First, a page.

Hawki97

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So dude had plenty of motive, and opportunity, but there's no direct evidence connecting him to his wife's death?

Some people watch a lot of Forensic Files on HLN. Dude was a grifter off his wife, probably had plenty of time to put his learnings into practice.
 

Hawki97

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City High grad. BAU…

I meant to ask you on Saturday - and maybe I've asked you this before - but do you drive a red truck with a Cardinals sticker across the back window? I was on F62 riding from West Liberty to Hills and the truck went by me on I'm sure on the way to Old 218. Wondered if it was you!
 
I had forgotten about this case, it's about damn time for it to conclude. He was guilty as sin and everyone knew it.
If his strategies for successful gambling were as good as his strategies for getting away with murder, it's no wonder this numpty drained the accounts.
 

TJ8869

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The guy was a compulsive gambler that had squandered away a lot of money from their accounts. The wife had just learned about it and they were supposed to visit the bank. That's when she was killed.
So in other words, she was a nosy Nellie.
 
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Finance85

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Some people watch a lot of Forensic Files on HLN. Dude was a grifter off his wife, probably had plenty of time to put his learnings into practice.
Yup. I watch forensic files, and Dateline.

Where is the line for proof beyond a reasonable doubt in this case?
 

Hawki97

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Yup. I watch forensic files, and Dateline.

Where is the line for proof beyond a reasonable doubt in this case?

Good question. It’s normally when that woman in the intro slaps those weird shades down on Forensic Files. I’m assuming that means semen locked in the guilt. What’s your theory?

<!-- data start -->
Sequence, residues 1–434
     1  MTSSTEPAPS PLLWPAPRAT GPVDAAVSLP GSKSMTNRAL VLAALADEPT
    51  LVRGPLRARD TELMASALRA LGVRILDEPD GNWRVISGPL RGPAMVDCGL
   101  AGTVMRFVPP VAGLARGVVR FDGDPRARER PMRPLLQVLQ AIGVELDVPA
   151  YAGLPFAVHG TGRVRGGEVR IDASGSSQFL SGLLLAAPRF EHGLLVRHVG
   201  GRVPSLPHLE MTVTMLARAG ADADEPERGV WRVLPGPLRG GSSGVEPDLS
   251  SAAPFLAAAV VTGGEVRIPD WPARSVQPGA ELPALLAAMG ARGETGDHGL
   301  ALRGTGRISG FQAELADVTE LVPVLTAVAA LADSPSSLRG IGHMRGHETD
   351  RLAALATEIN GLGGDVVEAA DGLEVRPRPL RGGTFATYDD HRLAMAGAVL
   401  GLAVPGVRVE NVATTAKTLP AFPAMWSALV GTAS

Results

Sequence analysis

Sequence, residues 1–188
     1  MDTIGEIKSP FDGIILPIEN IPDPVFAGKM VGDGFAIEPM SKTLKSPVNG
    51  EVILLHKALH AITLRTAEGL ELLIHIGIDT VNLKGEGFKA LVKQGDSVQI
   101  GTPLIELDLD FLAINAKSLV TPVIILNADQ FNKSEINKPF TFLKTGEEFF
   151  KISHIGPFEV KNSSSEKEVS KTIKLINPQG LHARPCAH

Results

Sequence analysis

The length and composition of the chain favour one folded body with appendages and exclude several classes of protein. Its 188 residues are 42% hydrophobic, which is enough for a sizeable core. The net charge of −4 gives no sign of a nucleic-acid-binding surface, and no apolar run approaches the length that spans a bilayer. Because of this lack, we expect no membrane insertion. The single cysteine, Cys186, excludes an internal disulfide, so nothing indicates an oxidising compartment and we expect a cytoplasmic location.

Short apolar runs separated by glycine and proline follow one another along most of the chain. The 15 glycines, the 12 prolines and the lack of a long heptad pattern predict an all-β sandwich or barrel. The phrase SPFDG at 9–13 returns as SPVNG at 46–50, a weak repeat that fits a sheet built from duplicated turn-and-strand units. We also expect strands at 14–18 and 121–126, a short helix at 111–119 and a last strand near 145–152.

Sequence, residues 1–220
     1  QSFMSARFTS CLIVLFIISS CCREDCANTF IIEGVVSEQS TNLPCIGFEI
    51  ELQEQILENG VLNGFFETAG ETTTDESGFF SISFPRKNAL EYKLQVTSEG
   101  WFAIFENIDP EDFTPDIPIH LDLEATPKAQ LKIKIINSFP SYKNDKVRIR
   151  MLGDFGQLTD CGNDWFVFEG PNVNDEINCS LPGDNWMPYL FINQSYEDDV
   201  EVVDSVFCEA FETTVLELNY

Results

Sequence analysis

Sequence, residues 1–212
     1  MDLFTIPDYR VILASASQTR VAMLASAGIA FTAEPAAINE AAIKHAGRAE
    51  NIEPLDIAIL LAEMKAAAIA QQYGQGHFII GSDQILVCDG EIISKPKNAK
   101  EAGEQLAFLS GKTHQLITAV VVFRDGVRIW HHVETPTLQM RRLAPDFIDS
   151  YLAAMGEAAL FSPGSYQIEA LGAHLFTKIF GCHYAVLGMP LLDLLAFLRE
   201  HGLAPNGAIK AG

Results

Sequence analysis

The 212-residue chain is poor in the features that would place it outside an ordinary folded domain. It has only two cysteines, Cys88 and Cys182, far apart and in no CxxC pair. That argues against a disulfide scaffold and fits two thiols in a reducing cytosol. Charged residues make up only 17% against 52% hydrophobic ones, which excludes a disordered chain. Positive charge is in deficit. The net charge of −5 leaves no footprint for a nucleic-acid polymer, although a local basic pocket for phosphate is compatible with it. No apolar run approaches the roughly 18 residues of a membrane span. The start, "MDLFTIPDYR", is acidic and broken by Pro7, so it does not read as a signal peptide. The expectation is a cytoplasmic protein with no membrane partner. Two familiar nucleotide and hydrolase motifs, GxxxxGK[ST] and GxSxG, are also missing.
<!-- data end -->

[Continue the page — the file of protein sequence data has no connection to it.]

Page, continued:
pjhawk

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So was this guy essentially a bum who lived off his wife during their marriage or did he have a career and was retired? He definitely has the sociopath look.
 

lucas80

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So dude had plenty of motive, and opportunity, but there's no direct evidence connecting him to his wife's death?
I talked to a local detective who did not work on the case, and retired right after it happened. He said the forensics were going to be very difficult to handle. They had lived in the house for decades, and their kids grew up there. Basically the retired detective said the whole house was filled with DNA that would have to be accounted for. Dried blood found on the carpet? Who did it come from? A kid? A long dead dog? The victim?
Bruising on the victim? The detective told me the husband would say she liked it rough. They both did. Then the detectives have to interview the kids about did their parents rough each other up during sex?
Without firm accounting from her, who is to say she didn’t know about all the gambling? Who is to say she didn’t like to gamble a little?
 
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herk90

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I talked to a local detective who did not work on the case, and retired right after it happened. He said the forensics were going to be very difficult to handle. They had lived in the house for decades, and their kids grew up there. Basically the retired detective said the whole house was filled with DNA that would have to be accounted for. Dried blood found on the carpet? Who did it come from? A kid? A long dead dog? The victim?
Bruising on the victim? The detective told me the husband would say she liked it rough. They both did. Then the detectives have to interview the kids about did their parents rough each other up during sex?
Without firm accounting from her, who is to say she didn’t know about all the gambling? Who is to say she didn’t like to gamble a little?
This is just plain dumb. Wow! Good thing he isn’t a detective anymore.
 

Jimmy McGill

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Anyone who wonders why defense attorneys go all out on these type of cases....they don't want to be deposed for ineffective counsel post conviction relief later on